Paricutín, like most of the monogenetic volcanoes, belongs to the scoria cones type. Monogenetic volcanoes represent the dominant group not only on Earth, but also in the solar system (Tchamabé et al., 2016). They are formed by a fast-flowing eruption over a brief period of time. Eruptions are fueled by any type of magma; small-volume volcanoes produced are localized in low-lying volcanic fields (Tchamabé et al., 2016). Scoria cones are also the dominant type of monogenetic volcano. They are small in size and can range from basaltic to andesitic (Kereszturi & Németh, 2016). Their formation occurs as a result of explosive eruptions caused by gas bubbles. Despite their small size, their eruptions can consist of several types.

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Paricutín is currently considered an extinct volcano, which means it is no longer active and will not be active in the future. Since the volcano belongs to the monogenetic type, the likelihood of a re-eruption is extremely small. Scoria cones are the most common type in Mexico, and they rapidly erupt into a cone-shaped mountain, after which becoming extinct. Nevertheless, Paricutín is still hot and its cone still emits steam. Tectonic activity in the vicinity of the volcano also continues, but even when the magma moves, no eruption occurs.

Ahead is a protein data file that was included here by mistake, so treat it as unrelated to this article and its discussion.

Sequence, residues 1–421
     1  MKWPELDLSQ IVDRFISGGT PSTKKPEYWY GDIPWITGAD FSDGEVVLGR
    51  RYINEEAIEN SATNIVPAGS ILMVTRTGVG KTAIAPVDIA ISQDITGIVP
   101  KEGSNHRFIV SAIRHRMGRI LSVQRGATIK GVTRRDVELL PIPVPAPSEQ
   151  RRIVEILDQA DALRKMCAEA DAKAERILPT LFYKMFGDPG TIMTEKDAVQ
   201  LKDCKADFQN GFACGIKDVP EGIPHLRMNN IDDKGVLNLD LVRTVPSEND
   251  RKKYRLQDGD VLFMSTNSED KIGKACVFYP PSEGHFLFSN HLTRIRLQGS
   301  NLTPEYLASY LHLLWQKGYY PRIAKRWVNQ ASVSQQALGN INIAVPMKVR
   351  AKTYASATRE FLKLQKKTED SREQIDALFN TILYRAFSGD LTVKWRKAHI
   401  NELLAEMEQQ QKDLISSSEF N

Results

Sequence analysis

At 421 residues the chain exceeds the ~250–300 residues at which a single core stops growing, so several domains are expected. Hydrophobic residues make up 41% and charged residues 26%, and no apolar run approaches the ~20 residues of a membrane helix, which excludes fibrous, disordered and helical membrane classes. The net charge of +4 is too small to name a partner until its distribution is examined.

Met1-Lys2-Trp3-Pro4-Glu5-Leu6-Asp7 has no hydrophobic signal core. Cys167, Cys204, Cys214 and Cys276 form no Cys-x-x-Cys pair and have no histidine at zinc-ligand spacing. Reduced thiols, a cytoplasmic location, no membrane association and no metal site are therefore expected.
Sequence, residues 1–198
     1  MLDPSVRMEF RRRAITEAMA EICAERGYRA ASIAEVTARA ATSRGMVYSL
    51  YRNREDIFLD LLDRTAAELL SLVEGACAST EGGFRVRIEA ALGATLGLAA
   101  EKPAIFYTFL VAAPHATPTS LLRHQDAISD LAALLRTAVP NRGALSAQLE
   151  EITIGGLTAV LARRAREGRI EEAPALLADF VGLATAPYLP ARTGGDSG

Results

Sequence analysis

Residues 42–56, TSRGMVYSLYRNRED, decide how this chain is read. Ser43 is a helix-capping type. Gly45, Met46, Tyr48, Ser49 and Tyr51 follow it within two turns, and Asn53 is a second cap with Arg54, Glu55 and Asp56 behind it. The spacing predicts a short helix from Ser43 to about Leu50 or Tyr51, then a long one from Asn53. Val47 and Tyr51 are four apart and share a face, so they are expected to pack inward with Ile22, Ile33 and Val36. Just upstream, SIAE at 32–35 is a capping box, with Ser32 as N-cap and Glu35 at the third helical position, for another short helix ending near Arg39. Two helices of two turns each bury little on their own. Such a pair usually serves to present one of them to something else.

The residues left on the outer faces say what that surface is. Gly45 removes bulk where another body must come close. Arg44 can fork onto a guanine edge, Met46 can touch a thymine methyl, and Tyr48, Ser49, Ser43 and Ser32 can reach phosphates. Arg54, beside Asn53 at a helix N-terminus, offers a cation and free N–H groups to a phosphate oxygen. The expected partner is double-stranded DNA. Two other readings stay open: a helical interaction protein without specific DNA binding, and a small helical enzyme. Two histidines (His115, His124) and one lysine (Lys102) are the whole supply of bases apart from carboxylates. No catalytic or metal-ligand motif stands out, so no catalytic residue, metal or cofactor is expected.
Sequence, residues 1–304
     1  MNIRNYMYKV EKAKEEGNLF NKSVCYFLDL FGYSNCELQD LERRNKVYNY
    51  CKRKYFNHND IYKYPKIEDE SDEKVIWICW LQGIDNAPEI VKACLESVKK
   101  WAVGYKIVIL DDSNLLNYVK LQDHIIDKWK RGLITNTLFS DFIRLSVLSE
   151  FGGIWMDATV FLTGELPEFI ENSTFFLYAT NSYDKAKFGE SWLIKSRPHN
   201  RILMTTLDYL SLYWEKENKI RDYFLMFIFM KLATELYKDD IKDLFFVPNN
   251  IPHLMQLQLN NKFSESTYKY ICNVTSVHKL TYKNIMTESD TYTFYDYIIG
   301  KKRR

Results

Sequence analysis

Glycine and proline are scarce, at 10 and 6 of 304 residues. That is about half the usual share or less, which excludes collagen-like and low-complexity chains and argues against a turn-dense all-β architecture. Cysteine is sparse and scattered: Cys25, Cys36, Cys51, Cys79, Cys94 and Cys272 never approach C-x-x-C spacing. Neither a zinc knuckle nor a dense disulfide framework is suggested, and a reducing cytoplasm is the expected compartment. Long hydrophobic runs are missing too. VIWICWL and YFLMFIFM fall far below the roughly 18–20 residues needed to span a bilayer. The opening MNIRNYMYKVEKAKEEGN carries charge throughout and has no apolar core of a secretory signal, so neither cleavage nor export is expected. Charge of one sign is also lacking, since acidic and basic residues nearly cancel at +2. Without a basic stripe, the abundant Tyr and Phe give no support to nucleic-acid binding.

The Paricutín volcano provides researchers with an excellent example of the evolution of monogenetic scoria cone. The eruption took place from 1943 to 1952, lasting a total of 9 years and including several stages. The volcano belongs to the most widespread type of rape not only on Earth, but also in the solar system. It is also part of the Trans-Mexican volcanic belt and the Michoacán-Guanajuato volcanic field. Magma at its base is of medium density and belongs to the basaltic-andesite type. Its composition evolved with the change of different stages during the eruption. Paricutín is currently extinct, as most monogenetic volcanoes erupt only once. However, his cone is still hot, and magma movements and tectonic activity continue.


Erlund, E. J., Cashman, K. V., Wallace, P. J., Pioli, L., Rosi, M., Johnson, E., & Delgado Granados, H. (2009). Journal of Volcanology and Geothermal Research, 197(1-4), 167-187. Web.

Kereszturi, G., & Németh, K. (2016). Sedimentology, eruptive mechanism and facies architecture of basaltic scoria cones from the Auckland Volcanic Field (New Zealand). Journal of Volcanology and Geothermal Research, 324(15). 41-56. Web.

Larrea, P., Salinas, S., Widom, E., Siebe, C., & Abbitt, R. (2017). Compositional and volumetric development of a monogenetic lava flow field: The historical case of Paricutin (Michoacán, Mexico). Journal of Volcanology and Geothermal Research, 348(15), 36-48. Web.

Tchamabé, B. C., Kereszturi, G., Németh, K., & Carrasco‐Núñez, G. (2016). How polygenetic are monogenetic volcanoes: Case studies of some complex Maar‐Diatreme volcanoes. In K. Nemeth (Ed.). Updates in volcanology: From volcano modelling to volcano geology. IntechOpen. Web.